All of the company’s directors resigned on March 30, and Mad Catz has already ceased operations. The first signs of trouble surfaced last year, when the company’s share value on the New York Stock Exchange took a dive down to just 30 cents, and CEO Darren Richardson resigned from his position.
Given the move to liquidate its assets, it looks like this will be the end of Mad Catz. There doesn’t appear to be any prospective buyers that would be able to bring it back from the dead.
“The board of directors has been advised by the company’s financial adviser and management that no viable strategic alternative in respect of a sale of the company or other corporate sale transaction is being made available to the company by any third party,” Mad Catz said in a press release.
Rock Band 4, a return by Harmonix to the plastic instrument-based music game world, appears to have expedited the demise of Mad Catz. The game didn’t produce the revenue that the company had needed, and it experienced a year-over-year net loss of $3.5 million dollars. Earlier this week, Mad Catz was delisted from the New York Stock Exchange completely over an “abnormal” share price.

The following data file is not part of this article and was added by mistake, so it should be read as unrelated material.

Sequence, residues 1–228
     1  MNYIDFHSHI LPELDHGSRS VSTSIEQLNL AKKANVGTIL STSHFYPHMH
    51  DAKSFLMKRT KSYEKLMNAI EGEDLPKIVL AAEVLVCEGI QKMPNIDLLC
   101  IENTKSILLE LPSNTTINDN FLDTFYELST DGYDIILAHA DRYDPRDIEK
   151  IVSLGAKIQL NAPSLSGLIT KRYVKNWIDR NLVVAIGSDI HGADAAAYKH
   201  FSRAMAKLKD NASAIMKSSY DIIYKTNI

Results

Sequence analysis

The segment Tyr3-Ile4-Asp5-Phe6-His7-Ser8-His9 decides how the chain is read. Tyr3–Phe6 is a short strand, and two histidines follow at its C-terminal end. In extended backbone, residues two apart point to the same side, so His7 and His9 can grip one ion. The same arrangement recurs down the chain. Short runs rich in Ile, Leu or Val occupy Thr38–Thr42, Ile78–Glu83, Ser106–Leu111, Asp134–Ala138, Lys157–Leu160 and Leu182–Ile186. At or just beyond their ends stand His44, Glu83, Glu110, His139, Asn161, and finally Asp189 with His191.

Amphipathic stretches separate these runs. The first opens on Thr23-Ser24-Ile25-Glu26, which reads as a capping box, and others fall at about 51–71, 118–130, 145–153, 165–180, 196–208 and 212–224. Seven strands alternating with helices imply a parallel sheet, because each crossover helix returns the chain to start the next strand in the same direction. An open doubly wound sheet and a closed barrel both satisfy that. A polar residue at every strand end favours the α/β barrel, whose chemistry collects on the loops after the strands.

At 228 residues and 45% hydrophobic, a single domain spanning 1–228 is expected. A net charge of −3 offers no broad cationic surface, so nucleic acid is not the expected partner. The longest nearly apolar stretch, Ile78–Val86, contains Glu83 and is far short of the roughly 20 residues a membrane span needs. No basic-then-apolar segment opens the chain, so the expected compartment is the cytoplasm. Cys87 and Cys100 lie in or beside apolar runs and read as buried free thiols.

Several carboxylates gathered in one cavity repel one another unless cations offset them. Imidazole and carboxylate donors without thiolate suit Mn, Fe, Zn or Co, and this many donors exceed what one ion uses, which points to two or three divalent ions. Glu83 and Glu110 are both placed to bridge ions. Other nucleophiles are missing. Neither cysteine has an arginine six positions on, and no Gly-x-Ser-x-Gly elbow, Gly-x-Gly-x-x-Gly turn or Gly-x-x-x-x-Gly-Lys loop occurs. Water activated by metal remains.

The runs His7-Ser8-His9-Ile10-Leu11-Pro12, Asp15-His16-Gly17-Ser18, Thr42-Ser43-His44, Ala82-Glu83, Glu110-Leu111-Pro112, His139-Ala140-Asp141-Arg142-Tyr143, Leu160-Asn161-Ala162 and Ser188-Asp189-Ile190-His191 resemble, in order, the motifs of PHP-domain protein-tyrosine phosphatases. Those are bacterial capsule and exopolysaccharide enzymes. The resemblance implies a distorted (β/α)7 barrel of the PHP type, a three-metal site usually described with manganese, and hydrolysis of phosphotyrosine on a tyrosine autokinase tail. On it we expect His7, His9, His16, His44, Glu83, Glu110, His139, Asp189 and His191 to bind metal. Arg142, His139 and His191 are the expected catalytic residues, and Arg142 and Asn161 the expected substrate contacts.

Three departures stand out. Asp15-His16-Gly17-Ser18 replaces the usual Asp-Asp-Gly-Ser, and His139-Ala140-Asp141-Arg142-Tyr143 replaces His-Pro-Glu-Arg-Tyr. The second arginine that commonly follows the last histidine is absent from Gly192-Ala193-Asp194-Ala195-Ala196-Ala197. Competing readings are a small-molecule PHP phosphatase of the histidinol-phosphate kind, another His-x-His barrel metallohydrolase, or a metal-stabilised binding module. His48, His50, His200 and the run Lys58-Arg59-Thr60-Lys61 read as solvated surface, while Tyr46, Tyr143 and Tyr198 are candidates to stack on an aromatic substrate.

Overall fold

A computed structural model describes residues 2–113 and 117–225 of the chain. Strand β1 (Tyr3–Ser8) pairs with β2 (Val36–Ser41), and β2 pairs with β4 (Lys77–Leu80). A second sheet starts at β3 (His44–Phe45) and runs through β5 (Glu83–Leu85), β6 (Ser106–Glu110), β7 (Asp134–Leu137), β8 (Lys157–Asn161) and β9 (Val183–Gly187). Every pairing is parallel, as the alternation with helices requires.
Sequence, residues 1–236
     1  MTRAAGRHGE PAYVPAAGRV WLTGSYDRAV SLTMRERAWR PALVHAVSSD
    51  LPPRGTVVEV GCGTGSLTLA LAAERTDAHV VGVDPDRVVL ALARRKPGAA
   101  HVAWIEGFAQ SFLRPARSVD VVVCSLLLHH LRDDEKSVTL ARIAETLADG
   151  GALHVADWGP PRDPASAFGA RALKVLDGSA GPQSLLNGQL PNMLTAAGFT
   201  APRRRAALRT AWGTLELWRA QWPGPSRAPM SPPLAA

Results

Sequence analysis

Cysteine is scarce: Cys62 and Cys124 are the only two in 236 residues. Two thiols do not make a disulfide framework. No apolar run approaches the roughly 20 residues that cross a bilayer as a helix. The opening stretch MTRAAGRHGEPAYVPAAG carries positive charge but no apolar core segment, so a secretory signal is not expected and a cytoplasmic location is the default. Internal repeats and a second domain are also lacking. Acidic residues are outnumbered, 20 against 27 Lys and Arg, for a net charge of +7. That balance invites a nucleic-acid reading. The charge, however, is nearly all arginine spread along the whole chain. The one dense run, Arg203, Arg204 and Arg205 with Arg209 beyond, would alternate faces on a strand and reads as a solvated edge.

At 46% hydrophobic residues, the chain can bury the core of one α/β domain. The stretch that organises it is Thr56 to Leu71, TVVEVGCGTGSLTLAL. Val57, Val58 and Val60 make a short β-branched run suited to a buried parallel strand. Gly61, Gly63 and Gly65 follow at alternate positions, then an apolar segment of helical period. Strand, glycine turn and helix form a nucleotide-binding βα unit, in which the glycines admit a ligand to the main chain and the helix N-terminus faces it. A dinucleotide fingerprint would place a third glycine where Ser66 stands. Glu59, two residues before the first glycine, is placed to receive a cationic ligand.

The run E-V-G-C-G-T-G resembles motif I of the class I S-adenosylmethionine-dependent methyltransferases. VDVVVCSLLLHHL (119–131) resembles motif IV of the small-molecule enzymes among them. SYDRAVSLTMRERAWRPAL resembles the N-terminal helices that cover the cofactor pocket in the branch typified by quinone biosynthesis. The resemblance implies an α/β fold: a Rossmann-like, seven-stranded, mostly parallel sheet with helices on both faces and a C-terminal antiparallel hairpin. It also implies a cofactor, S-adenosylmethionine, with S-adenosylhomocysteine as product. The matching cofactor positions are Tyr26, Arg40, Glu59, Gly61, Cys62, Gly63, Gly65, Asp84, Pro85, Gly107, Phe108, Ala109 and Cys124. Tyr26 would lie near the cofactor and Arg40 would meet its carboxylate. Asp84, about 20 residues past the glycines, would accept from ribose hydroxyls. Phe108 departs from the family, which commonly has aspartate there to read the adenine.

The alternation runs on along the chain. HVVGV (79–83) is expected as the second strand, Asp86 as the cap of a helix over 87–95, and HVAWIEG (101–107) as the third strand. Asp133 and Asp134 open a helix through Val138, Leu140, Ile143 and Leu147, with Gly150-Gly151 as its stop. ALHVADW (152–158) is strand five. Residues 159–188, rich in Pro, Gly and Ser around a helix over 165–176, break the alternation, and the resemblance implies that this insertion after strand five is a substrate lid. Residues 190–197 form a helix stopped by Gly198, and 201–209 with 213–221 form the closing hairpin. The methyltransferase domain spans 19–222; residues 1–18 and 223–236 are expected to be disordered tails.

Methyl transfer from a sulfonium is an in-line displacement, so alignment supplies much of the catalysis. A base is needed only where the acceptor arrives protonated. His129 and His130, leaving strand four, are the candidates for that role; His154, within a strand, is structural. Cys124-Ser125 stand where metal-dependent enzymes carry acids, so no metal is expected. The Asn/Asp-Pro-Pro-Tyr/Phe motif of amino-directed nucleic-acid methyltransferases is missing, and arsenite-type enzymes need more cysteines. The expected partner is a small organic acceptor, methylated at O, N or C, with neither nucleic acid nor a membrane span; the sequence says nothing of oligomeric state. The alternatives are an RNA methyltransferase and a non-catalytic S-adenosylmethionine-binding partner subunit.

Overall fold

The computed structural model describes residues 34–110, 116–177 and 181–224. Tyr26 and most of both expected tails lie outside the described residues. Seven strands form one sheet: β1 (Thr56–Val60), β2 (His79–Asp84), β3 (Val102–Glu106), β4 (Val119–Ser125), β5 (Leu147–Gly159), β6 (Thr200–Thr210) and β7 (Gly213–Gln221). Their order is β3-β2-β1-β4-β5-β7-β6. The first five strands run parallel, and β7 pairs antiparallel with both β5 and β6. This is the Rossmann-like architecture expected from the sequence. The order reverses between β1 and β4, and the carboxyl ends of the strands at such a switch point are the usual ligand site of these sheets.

Though its early third-party controllers were typically the type of “extra” ones you’d keep around for when a friend came over to play Xbox, the quality of the company’s products did rise in recent years. Killer Instinct‘s official fightstick was produced by the company and received solid reviews, and a recent line of Street Fighter V controllers were created to replicate the feeling of a large fightstick in the palm of your hand.
- Eight more lives: Mad Catz rises from the dead as PC gaming brand
- Mad Catz has improved sensors, ergonomics, and more in new line of RAT mice
- After six years, Mad Catz will give its ‘RAT’ lineup of PC gaming mice a new face-lift
- Harmonix ditches Mad Catz, signs on with new Rock Band 4 co-publisher PDP